Griswold (Don’t) Wannabe’s

griswold familyI thoroughly enjoy this season of the year and all of the traditions my family has come to love.

Like watching our all-time favorite movie, Christmas Vacation. Even though we’ve seen that movie hundreds of times, we still laugh at the true-to-life scenes.

Remember the scene in Christmas Vacation when the extended Griswold family arrives? Too loud. Too many critiques. Too much information. And as their visit continues, they are needy, messy, demanding, and yes, even embarrassing.

I love that family because it’s a fictional one that makes me laugh at the awkward moments they cause, but no one – trust me, no one – wants that family to come for a visit. Ever. So to help us all avoid being that family, I’ve compiled a Holiday Help List to ensure our families are a blessing to our hosts, not a burden.

Do take a gift – a small gesture of gratitude at the beginning of your stay goes a long way to setting the tone of your visit. Remember, your host likely spent hours preparing for you. Be appreciative.

Do lend a hand – pitch in to prepare meals and cleanup afterward so that the host isn’t overwhelmed. But be sure to follow the host’s lead. It’s not your kitchen!

Do contribute some groceries – bring a few side dishes or desserts. If your visit lasts several days, consider taking your hosts out for dinner one evening or supplying a few meals at their house. (Unless, of course, your name is Aunt Bethany. No one wants Jello Mold with kitty litter topping.)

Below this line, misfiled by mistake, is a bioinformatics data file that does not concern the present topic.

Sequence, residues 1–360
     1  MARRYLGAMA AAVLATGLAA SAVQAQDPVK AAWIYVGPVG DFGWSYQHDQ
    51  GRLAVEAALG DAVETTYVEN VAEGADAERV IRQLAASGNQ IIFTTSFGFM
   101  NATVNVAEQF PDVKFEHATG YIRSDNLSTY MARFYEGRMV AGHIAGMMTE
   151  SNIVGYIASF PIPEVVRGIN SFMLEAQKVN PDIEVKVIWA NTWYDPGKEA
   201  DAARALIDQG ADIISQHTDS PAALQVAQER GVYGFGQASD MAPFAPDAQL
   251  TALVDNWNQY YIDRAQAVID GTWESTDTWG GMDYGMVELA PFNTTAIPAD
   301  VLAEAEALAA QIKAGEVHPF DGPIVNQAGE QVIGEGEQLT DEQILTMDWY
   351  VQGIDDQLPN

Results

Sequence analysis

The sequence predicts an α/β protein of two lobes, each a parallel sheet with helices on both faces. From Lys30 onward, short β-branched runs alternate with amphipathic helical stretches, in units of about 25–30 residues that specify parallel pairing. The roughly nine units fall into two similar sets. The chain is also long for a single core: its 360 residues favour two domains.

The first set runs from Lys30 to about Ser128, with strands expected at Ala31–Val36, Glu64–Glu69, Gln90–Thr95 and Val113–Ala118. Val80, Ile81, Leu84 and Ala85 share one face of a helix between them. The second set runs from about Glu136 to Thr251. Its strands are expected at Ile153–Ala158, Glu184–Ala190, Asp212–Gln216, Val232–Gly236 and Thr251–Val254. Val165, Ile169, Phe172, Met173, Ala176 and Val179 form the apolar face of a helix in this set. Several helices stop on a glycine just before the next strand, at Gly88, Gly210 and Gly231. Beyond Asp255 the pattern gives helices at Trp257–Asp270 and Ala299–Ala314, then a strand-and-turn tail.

Do show interest in others – disregard any notions you already have about your extended family and get to know them in a fresh way this season! (That includes getting to know crazy Cousin Eddie. You can do anything for a few days, right?)

Don’t leave your belongings lying around – keeping your items in your room helps to eliminate a little clutter from an already full house.

Don’t let your children run wild – your hosts WILL talk about you after you leave. Don’t give them ammunition. Send the kids outside to play or keep the noise level to a minimum. Prep the kids in advance to say please/thank you and be respectful.

Don’t be a couch potato – get out of the house! Being gone for an hour or two each day of an extended stay allows your host to have a mini-break. No matter how much they love you, they need a break!

Trust me, even if we follow these guidelines, we can still find ourselves in the middle of frustrating or awkward moments over the holidays (think: the swat team busting through the Griswold’s windows after Cousin Eddie hog-ties Clark’s boss). If we plan to be a guest in someone’s home this Thanksgiving or Christmas, let’s at least make a plan to be a blessing rather than a burden.

If you are the host rather than the guest this holiday season, check back tomorrow for a Holiday Help List just for you.




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